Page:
We all want a perfectly lush and beautiful green lawn. However, in areas experiencing drought, this ideal can be difficult to achieve. However, it is not entirely impossible. With a little bit of close attention and flexibility in lawn aesthetics, maintaining a lawn during drought is doable.
Consider a Clover Lawn
If you’ve ever seen a clover patch in a lawn during the summer you may have noticed it was green while the rest of the lawn was brown. This is because clovers grow deeper roots than most grasses and therefore need less water to stay green. Clovers spread throughout a lawn can make it appear greener year around and during a drought. Additionally, clovers resist pet urine, grow in bad soil and self-fertilizes!
Make the Change to a Drought Tolerant Landscape
While having a green lawn is nice, considering a switch to a drought tolerant landscape may be more practical. This transition includes replacing grass with various low-water-need, shrubs and plants that require little to no maintenance. You will no longer need to cut and water the lawn every other day. Try planting a natural meadow that uses short grasses and flowers. These require significantly less water than conventional lawns and do not require mowing. They also provide your lawn with unique textures and colors. This transition will be eco friendly and aesthetically pleasing!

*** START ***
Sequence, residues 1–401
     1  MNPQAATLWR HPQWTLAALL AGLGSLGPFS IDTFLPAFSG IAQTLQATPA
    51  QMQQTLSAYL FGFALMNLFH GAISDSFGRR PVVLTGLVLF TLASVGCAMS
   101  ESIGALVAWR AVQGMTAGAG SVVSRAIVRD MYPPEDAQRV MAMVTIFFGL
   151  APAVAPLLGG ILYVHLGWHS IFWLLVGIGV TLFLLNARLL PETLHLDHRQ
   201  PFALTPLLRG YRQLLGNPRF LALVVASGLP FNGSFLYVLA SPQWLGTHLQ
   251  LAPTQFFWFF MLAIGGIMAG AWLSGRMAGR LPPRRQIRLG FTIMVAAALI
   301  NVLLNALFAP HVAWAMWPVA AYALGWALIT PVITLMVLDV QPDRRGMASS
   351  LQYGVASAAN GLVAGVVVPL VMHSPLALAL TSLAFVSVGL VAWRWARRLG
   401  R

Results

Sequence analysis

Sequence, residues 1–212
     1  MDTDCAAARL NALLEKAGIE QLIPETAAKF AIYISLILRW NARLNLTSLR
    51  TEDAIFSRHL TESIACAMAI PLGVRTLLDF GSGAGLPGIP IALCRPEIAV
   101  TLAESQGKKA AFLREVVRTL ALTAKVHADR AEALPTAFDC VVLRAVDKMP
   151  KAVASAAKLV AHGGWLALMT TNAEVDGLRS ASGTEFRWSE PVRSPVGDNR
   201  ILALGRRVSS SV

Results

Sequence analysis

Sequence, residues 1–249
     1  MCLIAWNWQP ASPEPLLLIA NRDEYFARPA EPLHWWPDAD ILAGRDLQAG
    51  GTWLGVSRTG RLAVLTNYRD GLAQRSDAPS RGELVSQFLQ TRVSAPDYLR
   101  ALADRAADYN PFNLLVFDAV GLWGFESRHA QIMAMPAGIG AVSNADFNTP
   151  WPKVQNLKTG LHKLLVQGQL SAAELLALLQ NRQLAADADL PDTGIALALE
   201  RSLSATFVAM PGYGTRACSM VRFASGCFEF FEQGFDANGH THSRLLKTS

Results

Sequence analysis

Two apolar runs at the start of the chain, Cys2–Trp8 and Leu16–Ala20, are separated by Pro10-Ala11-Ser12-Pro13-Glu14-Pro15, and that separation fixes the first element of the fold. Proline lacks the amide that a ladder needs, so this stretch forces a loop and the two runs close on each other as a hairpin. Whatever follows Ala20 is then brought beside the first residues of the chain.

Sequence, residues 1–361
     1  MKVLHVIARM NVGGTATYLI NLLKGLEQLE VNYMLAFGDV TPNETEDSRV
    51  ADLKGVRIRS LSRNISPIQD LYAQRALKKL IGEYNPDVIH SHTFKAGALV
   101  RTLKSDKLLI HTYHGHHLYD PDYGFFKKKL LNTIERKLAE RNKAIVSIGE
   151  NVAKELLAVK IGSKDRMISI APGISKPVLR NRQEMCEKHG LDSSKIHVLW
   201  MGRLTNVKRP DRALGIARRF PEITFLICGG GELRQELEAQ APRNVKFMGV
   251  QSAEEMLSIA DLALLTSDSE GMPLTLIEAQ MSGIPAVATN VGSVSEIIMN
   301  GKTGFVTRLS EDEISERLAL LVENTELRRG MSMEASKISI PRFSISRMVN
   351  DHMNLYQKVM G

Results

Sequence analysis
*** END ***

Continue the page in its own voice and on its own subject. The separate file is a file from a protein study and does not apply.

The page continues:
Reduce Fertilizer Maintenance
In dry conditions, many fertilizer salts actually dehydrate plant roots. Additionally, the extra stimulus it puts on growth requires more water. Cut back on the fertilizers you are using on your lawn and optimize water usage.
Watering wisely can simply mean being mindful about when you water. Watering earlier in the morning when temperatures are still cool and the sun is low can help to significantly reduce moisture loss due to evaporation. Drip irrigation and soaker hose systems are best for saving water as opposed to hand watering and overhead sprinkler systems, which can lead to a lot of runoff and moisture evaporation.
Take Advantage of ‘Gray Water’
It may seem tedious and extreme, but in severe droughts saving lightly used household water such as: collecting the water you run while waiting for the shower to warm, excess water from the dishwater, or running a drain hose from your washing machine to the lawn and trees outside your house. These can be mindful ways to re-purpose water that is otherwise going to waste. Also, collecting rain water if available is an additional practical and natural way to make water last.